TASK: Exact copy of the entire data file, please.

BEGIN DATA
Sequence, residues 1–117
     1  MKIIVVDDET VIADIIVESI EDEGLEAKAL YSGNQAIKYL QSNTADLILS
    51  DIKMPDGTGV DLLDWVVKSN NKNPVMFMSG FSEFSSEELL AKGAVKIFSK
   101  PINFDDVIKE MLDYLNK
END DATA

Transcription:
Sequence, residues 1–117
     1  MKIIVVDDET VIADIIVESI EDEGLEAKAL YSGNQAIKYL QSNTADLILS
    51  DIKMPDGTGV DLLDWVVKSN NKNPVMFMSG FSEFSSEELL AKGAVKIFSK
   101  PINFDDVIKE MLDYLNK